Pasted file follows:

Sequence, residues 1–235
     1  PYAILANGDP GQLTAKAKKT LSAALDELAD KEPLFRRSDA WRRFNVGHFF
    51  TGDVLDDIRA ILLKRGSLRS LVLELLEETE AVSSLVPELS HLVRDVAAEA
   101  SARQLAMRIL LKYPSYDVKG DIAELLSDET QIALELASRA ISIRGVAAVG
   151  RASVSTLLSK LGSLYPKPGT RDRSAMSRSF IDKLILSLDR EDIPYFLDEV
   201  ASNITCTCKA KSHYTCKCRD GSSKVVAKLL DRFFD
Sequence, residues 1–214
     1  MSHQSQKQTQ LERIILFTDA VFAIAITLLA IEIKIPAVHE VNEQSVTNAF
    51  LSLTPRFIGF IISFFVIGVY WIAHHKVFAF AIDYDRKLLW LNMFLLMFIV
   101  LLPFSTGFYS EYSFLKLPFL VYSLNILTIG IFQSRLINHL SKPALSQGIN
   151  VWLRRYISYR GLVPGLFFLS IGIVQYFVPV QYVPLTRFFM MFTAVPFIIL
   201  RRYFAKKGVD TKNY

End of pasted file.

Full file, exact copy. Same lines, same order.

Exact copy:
Sequence, residues 1–235
     1  PYAILANGDP GQLTAKAKKT LSAALDELAD KEPLFRRSDA WRRFNVGHFF
    51  TGDVLDDIRA ILLKRGSLRS LVLELLEETE AVSSLVPELS HLVRDVAAEA
   101  SARQLAMRIL LKYPSYDVKG DIAELLSDET QIALELASRA ISIRGVAAVG
   151  RASVSTLLSK LGSLYPKPGT RDRSAMSRSF IDKLILSLDR EDIPYFLDEV
   201  ASNITCTCKA KSHYTCKCRD GSSKVVAKLL DRFFD
Sequence, residues 1–214
     1  MSHQSQKQTQ LERIILFTDA VFAIAITLLA IEIKIPAVHE VNEQSVTNAF
    51  LSLTPRFIGF IISFFVIGVY WIAHHKVFAF AIDYDRKLLW LNMFLLMFIV
   101  LLPFSTGFYS EYSFLKLPFL VYSLNILTIG IFQSRLINHL SKPALSQGIN
   151  VWLRRYISYR GLVPGLFFLS IGIVQYFVPV QYVPLTRFFM MFTAVPFIIL
   201  RRYFAKKGVD TKNY